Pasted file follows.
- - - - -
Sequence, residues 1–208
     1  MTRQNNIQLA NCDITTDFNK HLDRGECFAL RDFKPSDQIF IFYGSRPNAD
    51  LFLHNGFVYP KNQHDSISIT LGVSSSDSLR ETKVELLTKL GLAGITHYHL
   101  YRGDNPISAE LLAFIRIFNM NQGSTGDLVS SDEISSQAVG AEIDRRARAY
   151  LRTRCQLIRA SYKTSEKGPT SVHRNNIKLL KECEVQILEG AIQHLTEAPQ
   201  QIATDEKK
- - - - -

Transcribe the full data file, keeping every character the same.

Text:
Sequence, residues 1–208
     1  MTRQNNIQLA NCDITTDFNK HLDRGECFAL RDFKPSDQIF IFYGSRPNAD
    51  LFLHNGFVYP KNQHDSISIT LGVSSSDSLR ETKVELLTKL GLAGITHYHL
   101  YRGDNPISAE LLAFIRIFNM NQGSTGDLVS SDEISSQAVG AEIDRRARAY
   151  LRTRCQLIRA SYKTSEKGPT SVHRNNIKLL KECEVQILEG AIQHLTEAPQ
   201  QIATDEKK